NASA Probe Will Try To “High Five” a Near-Earth Asteroid

The robotic spacecraft is scheduled for launch from Cape Canaveral Thursday evening.


The primary goal of the OSIRIS-REx mission is to retrieve a few pounds of gravel and dust from Bennu, an asteroid whose orbit brings it near Earth every six years.

If successful, the asteroid samples will be the largest amount of extraterrestrial material brought back to Earth since the Apollo-era trips to the moon.

The asteroid, called Bennu after an ancient Egyptian bird god, was discovered in 1999.

Bennu was a good target because it's relatively close to Earth, and also big enough for a visit, according to Dante Lauretta, the lead scientist for the mission, and a planetary scientist at the University of Arizona. Bennu measures 495 meters in diameter (about a third of a mile).

"We needed something that was relatively large, because when asteroids get to be around 200 meters in diameter or smaller, they tend to rotate very rapidly, sometimes as often as once every minute, and that would likely fling any of that gravel off the surface," Lauretta said.

The asteroid's gravel could contain carbon-rich material that is 4.5 billion years old, almost as old as the solar system itself.

"These asteroids could contain organic molecules, volatiles and amino acids that may have been the precursors to life on Earth or elsewhere in our solar system," said Christina Richey, a NASA scientist involved in the mission.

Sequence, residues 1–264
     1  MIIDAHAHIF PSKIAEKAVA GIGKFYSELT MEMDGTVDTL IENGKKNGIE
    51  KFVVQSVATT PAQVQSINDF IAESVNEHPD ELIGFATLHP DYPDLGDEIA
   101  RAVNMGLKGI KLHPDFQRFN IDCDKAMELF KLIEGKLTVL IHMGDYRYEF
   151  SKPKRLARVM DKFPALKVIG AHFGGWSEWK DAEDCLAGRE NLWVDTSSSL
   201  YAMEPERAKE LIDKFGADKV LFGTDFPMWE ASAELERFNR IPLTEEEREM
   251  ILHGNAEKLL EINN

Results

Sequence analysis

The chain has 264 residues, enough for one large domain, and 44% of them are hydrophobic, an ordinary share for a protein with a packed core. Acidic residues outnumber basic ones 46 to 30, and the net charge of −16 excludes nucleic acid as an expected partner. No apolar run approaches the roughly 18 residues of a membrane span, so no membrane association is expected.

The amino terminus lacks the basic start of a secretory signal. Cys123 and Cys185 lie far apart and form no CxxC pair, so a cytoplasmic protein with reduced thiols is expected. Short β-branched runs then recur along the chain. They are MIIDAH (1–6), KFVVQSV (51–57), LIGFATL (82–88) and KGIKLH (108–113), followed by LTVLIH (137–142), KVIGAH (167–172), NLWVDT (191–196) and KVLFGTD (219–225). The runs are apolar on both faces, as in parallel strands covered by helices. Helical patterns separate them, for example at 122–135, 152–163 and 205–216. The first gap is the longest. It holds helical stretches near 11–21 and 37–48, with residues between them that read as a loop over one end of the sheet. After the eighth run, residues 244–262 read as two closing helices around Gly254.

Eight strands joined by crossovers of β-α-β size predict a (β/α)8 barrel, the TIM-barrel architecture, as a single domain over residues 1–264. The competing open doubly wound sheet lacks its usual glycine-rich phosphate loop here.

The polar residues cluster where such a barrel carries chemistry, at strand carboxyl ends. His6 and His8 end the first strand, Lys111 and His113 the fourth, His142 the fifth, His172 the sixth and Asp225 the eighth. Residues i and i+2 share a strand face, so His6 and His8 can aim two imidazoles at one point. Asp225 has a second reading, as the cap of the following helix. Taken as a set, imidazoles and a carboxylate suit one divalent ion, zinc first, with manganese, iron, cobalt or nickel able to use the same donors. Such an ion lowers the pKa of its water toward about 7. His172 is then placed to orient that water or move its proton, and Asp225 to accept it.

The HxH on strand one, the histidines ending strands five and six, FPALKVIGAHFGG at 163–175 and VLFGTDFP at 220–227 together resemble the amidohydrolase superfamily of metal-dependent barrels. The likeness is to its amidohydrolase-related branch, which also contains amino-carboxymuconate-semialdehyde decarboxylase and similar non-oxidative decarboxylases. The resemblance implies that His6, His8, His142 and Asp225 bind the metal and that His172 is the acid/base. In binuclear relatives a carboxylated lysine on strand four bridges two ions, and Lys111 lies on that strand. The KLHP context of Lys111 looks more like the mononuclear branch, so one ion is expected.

The probe will take two years to reach Bennu. Once there, the probe will go into orbit around Bennu, and spend another two years studying and mapping the asteroid's surface from afar.

Finally, the probe will approach the asteroid, unfold an 11-foot arm, and pick up some rock and dust.

Richey says the arm will only touch the surface for about five seconds, to minimize the chance of the probe being damaged. She likened it to a cosmic "high five."

"Our priority is to bring back at least 60 grams of pristine material," Richey said. "So once we have that, we're not going to try to touch that again. We've got it. It's getting stowed, it's getting ready to come home."

After flying back to Earth, the probe will eject a small capsule containing the samples. The capsule will fall through the atmosphere and land in Utah in September, 2023.

The samples will be brought to Johnson Space Center for storage. Scientists will get to examine and study 25 percent of the sample, but 75 percent will be stored for future scientists who may come up with better ideas and testing techniques than current technology allows.


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